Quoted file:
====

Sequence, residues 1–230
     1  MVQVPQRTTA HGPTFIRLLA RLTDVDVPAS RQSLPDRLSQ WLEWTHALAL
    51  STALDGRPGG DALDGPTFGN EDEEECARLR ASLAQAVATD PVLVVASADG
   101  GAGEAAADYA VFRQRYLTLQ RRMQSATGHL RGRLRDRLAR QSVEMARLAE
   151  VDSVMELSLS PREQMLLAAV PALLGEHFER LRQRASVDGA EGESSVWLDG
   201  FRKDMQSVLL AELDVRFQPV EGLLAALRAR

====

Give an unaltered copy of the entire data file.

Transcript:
Sequence, residues 1–230
     1  MVQVPQRTTA HGPTFIRLLA RLTDVDVPAS RQSLPDRLSQ WLEWTHALAL
    51  STALDGRPGG DALDGPTFGN EDEEECARLR ASLAQAVATD PVLVVASADG
   101  GAGEAAADYA VFRQRYLTLQ RRMQSATGHL RGRLRDRLAR QSVEMARLAE
   151  VDSVMELSLS PREQMLLAAV PALLGEHFER LRQRASVDGA EGESSVWLDG
   201  FRKDMQSVLL AELDVRFQPV EGLLAALRAR